Sunday, September 16, 2012

Asian Eyes' China - Minnan Guangnan

         My ancestors came from South China. I always thought I am some sort of linguistic expert as I can conversed well in major Chinese dialects - Hokkien, Hakka, Teochew, Cantonese and Mandarin. However after my travels to China, I realized my knowledge on those dialects were just skin deep. There are more dialects that I can imagine.
          Fujian province attracted a lots of migrants from elsewhere in China, and they brought along with them their own local dialects. Over the years, in Fujian province, only left a handful who spoke Hokkien. I had always assumed if someone were from Fujian, they all spoke Hokkien, which is mostly not true. The Hokkien that I grew up with, spoken as my mother tongue, is actually a local dialect spoken only in Xiamen and its vicinity in the Fujian province. This Hokkien dialect is part of bigger dialect grouping called Minnan (闽南语), which also include Teochew and Hainanese dialects. Minnan are also found in Taiwan, Malaysia, Indonesia and Singapore due to immigration from South China in the early immigrant days. In China most places are named based on objects and things. Therefore we have Hubei, Hunan, Jiangxi and Henan, to name a few. Minnan was so called since it is south of the Ming dynasty capital. Beside Minnan, there are also Minxi and Minpei, meaning West of Ming and North of Ming, all of which dialects that cannot be understood by someone not from the same area. I had a chance to converse entirely in 'Lau Hokkien (Old Hokkien)' when I took a taxi from Marco Polo Hotel to Zhongsan Lu couple of years back. The taxi driver was amazed that a 'Haikui (海亏 - sea turtle)', a  term they used to call oversea Chinese, still able to speak Hokkien even though I was not born in China.
Many people do not know that Hokkien was 
part of a larger language group called Minnan. 
Other dialects under Minnan language are Teochew and Hainanese
         The Hakka dialect I grew up speaking is 'Feichiew Hak' which I learnt from my neighbours. As I moved out from my small village I encountered 'Kaying Hak' in Taiping, Chemor and Ipoh and 'Hopo Hak' in Kuala Lumpur, but none prepared me for my conversation with the elders I met in Yongding when visiting the Hakka Tulou. I was told they spoke other Hakka dialects called 'Meichiew Hak' and 'Chiewchou Hak. I kind of understand a bit, do not understand a bit, and had to inter-sped with Putonghua (Mandarin) when conversing with my colleague's dad. My Cantonese dialect is more fluid than my other two dialects encounter. I can hold lengthy conversation in Cantonese with my Guangdong and Hong Kong colleague, no problem. However I did not get the chance to practice my Teochew dialect in China nor I had a chance to visit the heartland of Teochew dialect i.e. ChouZhou in Guangdong province. My Teochew would have been rusty because I hardly get to use them nowadays.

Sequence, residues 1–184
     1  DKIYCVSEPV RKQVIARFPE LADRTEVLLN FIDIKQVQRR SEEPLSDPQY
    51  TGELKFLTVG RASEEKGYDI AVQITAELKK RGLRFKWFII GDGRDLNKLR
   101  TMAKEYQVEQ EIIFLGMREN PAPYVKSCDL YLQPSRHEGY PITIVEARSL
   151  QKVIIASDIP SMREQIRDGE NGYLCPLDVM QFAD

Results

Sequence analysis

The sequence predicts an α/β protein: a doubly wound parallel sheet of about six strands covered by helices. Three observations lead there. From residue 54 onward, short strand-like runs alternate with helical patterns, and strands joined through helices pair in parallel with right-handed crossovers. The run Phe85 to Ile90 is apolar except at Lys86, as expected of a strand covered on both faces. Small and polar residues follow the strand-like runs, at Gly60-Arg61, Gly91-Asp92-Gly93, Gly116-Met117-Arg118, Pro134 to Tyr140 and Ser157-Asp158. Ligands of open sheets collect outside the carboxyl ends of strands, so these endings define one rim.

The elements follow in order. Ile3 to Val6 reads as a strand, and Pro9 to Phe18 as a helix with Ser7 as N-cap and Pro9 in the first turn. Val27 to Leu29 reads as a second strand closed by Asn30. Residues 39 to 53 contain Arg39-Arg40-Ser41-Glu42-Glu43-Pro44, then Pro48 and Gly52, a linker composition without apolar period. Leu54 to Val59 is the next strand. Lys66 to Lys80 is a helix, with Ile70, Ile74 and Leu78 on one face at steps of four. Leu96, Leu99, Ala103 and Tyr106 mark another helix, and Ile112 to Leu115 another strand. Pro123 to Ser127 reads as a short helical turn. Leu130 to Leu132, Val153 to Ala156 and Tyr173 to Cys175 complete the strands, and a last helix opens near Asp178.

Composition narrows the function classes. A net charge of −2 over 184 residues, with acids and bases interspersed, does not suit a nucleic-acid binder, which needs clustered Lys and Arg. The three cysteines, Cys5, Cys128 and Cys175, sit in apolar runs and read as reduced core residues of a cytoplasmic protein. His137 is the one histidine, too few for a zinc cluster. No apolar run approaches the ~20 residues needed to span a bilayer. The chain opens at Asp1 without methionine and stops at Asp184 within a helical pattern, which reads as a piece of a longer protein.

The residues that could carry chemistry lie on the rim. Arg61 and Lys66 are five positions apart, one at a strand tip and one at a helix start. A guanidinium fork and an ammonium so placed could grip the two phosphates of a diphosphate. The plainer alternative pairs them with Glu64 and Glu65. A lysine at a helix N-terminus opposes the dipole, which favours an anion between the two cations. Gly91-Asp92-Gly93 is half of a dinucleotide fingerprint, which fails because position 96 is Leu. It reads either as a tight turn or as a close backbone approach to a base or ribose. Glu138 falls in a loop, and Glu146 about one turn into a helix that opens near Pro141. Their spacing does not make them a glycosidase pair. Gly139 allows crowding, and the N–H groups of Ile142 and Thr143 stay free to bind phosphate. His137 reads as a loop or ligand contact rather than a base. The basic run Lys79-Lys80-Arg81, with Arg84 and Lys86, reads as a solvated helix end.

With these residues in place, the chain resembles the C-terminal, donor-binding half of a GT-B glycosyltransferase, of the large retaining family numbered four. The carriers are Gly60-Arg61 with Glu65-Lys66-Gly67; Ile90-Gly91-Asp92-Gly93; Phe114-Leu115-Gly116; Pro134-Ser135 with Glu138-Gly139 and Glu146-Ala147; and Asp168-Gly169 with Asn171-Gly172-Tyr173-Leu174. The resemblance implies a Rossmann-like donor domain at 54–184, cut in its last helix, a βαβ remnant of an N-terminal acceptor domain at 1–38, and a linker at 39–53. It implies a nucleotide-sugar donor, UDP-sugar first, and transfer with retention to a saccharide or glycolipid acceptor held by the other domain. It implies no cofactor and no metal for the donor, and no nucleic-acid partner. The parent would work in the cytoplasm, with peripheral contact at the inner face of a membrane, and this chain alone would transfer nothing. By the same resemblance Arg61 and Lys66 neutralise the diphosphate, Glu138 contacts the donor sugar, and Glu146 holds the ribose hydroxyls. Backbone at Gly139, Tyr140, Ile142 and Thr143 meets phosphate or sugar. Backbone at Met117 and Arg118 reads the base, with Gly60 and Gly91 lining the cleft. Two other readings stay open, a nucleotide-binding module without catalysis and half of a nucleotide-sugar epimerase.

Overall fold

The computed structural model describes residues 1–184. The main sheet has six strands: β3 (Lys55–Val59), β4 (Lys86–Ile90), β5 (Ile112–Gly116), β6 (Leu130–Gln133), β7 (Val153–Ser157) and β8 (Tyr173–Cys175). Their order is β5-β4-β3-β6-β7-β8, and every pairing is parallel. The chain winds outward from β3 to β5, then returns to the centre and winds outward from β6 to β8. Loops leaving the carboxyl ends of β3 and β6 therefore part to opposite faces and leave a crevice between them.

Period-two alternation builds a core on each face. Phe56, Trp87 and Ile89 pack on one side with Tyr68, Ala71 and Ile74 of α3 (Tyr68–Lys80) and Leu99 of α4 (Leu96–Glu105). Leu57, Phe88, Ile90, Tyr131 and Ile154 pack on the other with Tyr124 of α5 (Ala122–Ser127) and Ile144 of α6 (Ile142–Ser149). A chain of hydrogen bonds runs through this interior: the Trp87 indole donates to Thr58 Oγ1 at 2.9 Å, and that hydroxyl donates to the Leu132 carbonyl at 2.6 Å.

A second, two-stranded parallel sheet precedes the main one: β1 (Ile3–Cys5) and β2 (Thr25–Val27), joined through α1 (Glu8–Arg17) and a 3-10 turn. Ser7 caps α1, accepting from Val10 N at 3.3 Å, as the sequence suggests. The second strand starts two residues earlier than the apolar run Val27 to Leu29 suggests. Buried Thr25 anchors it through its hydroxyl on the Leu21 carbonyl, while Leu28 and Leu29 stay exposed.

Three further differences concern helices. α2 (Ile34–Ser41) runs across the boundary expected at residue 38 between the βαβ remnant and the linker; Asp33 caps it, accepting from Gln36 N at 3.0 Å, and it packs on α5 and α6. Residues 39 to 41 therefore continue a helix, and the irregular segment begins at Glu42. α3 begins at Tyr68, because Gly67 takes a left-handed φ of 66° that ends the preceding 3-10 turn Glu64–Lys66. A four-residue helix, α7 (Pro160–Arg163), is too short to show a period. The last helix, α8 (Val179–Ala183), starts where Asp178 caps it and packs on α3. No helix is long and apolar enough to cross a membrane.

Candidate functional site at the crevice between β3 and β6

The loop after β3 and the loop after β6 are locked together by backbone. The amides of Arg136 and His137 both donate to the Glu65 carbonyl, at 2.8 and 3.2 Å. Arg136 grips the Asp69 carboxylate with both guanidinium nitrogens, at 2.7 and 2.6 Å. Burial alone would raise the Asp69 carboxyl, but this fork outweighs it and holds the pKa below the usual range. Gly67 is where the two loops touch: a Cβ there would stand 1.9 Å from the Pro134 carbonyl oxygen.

A Teppanyaki chef eavesdrops
our conversation
        Once there was a hilarious communication incident when Mr. Tang and I visited Dalian, Liaoning province. Together with a few Dalian colleagues, we had dinner in a Japanese restaurant and ordered Tenpanyaki. The chef was a middle aged guy, preparing our dinner as we sat around his hot plate. As usual, Mr. Tang and I, being Malaysian, were at eased using combination of Hokkien, Mandarin and English, with bits of Malay interjected into our conversation. I noted that the chef tried hard to concentrate on his work, but at last he could not contained his curiosity and asked me in Mandarin, "Sir, I am sorry to be intruding, but I am curios to know where you guys are from. Your look and intonation sounded from the south but your dialect is very weird to me". I looked at Mr. Tang and then replied him, "Oh, we are from Guangnan province". The chef nodded and gave a nonchalant reply "Oh, Guangnan!", and continued frying the big prawns he had spread on the hot plate. It took him about a minute before he paused again, lifted his head up and asked "I am from the Guangdong but I have not heard of Guangnan province before". A big laughter erupted between Mr. Tang and me, and we started to converse in Malay and told him how a Guangnan dialect sounded like. We finished the meal with a smile to our face, but before we left, we confided the fact to the chef. We have invented a new state in China called Guangnan (广南), a new province south of Guangdong! Of course there is no such state, we were just pulling the chef's leg.

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